Remembering Lung Cancer

CUREWinter 2008
Volume 7
Issue 5

A daughter fights the stigma of lung cancer in honor of her mother.

In September 2006, eight months after her mother died of lung cancer, Tracy Sestili, along with her husband and brother, co-founded The Beverly Fund in her honor. A nonprofit organization, the Beverly Fund (, is dedicated to lung cancer awareness and education as a priority, funding research, and providing accessible information and resources for patients and caregivers.

Sestili hopes to change the way people view the disease and help them understand that “just because you get lung cancer doesn’t mean that you necessarily brought it upon yourself.” She says the “life-altering” experience of her mother’s diagnosis prompted her to get involved as a lung cancer advocate.

She recalls a conversation with her mother where Sestili admitted she was angry at God for her mother’s lung cancer, but her mother, a smoker of nearly 50 years, placed the blame on herself. “I was a little angry about it,” Sestili says. “How could you blame the person that you love for getting something that’s going to kill them?”

All too often lung cancer patients blame themselves, and their loved ones accept that response, Sestili says, and as a result the lung cancer movement lacks the necessary advocate involvement to raise awareness about the disease.

“One of the things we try to highlight is that you don’t have to smoke to get lung cancer. It doesn’t discriminate.”

In addition to changing people’s views of lung cancer through education, Sestili also hopes increased understanding of the disease—about what causes lung cancer and how to prevent it—will, in turn, lead to increased funding for lung cancer research.

And at the International Early Lung Cancer Action Program’s annual conference in 2007, Sestili gave a presentation on lung cancer awareness and the necessity to educate the general public, as well as legislators, pharmaceutical companies, and the government about the disease in order to increase funding and donations for lung cancer research.

As the only non-medical person presenting a poster at the scientific meeting, Sestili says, “it was an inspiring experience to see how many medical professionals were interested and believed in what I had to say. Some were surprised, but 100 percent all agreed that we need to educate and raise awareness first so that others will feel the need to make lung cancer a priority.”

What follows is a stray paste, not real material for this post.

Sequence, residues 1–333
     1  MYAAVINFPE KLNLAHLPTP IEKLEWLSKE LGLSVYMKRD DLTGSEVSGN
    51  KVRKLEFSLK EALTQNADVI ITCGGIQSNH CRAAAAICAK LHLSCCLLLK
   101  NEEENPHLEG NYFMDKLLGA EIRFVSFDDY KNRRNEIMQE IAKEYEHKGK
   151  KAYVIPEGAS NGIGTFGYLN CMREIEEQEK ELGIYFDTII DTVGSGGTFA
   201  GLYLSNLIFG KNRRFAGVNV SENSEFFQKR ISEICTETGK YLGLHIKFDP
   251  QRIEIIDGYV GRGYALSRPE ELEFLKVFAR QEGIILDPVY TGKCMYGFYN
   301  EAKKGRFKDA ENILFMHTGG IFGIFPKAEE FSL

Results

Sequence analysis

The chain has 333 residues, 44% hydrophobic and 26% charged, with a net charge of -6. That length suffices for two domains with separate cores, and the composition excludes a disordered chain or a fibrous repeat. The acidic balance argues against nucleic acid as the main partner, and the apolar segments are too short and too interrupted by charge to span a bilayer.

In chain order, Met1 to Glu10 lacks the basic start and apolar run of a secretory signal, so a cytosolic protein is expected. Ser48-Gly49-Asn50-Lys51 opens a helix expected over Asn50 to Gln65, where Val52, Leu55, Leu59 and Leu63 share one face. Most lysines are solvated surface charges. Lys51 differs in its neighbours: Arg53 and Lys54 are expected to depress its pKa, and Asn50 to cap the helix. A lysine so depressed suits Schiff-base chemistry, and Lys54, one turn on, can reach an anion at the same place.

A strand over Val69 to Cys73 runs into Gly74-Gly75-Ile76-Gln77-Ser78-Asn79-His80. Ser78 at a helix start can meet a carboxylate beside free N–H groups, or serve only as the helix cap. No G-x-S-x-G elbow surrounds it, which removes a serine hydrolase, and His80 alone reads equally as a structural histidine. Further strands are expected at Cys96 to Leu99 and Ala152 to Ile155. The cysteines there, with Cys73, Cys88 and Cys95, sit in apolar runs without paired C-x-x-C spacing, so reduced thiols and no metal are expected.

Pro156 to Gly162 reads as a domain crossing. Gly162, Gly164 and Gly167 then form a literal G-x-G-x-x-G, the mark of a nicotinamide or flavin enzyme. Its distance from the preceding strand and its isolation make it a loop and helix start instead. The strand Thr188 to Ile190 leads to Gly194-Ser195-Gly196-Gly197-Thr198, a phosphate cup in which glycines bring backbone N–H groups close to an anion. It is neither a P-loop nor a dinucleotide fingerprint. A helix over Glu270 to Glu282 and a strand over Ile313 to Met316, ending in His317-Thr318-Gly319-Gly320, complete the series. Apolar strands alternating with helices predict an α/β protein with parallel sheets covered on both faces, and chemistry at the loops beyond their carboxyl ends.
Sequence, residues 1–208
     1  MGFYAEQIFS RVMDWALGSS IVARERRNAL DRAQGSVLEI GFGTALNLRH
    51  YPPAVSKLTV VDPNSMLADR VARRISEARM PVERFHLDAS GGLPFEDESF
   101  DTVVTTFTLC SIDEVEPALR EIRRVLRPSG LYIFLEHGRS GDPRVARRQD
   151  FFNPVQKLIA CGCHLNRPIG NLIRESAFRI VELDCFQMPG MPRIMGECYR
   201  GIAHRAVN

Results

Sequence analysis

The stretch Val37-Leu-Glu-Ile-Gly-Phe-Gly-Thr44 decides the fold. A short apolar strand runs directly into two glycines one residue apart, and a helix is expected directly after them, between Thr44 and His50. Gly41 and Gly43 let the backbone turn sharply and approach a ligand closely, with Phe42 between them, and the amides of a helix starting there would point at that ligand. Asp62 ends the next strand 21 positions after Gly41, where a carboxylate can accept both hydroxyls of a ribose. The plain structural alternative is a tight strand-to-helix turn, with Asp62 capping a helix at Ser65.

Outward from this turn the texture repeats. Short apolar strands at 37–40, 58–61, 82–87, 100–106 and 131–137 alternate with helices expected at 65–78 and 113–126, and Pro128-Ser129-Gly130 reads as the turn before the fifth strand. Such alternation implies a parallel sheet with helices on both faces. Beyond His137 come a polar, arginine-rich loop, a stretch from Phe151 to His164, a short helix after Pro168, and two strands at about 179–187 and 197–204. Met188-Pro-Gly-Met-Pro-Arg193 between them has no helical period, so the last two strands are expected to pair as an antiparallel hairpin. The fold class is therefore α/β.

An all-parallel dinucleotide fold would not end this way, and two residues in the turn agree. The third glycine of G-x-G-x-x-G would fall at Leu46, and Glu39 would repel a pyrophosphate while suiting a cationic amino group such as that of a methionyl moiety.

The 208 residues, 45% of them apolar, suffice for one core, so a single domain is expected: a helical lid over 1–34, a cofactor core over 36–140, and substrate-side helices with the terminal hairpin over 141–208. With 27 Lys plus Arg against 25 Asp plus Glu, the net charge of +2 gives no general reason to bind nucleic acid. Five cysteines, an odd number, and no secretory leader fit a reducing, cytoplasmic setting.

Sistili more than surpassed her fundraising goal for The Beverly Fund’s “Remember November!” awareness campaign and raised $9,000 with the organization’s annual event Kites for Cancer Awareness. And by raising money for the Stand Up to Cancer initiative, Sestili won the opportunity to participate in the celebrity phone bank for the September 5 televised SU2C event. “Not only was it an honor to be a part of history, it was truly an awe-inspiring occasion to see Hollywood band together for a cause near and dear to my heart.”

Sestili and her husband, Paul, say working together on The Beverly Fund has brought them closer together because of their shared common goal and objective to end lung cancer—both of their fathers are prostate cancer survivors and Sestili also lost her grandmother to lung cancer.

“Cancer is a disease that affects everyone, and when it happens to you directly, it truly inspires you to get involved,” Sestili says. “If my mother were here today, she’d be proud of all of our accomplishments and would support us 100 percent in our advocacy efforts. In the future, we plan to expand our community outreach and our overall awareness campaigns. We hope to make lung cancer a priority for everyone.

Recent Videos
Image of a woman wearing a red tank top.
Image of Annie Bond.
Image of a man with rectangular glasses and short dark hair.
Image of a woman with long dark hair.
Image of Kristen Dahlgren at Extraordinary Healer.
Image of a woman with short blonde hair wearing a white blazer.
Image of a woman with black hair.
Image of a woman with brown shoulder-length hair in front of a gray background that says CURE.
Sue Friedman in an interview with CURE
Related Content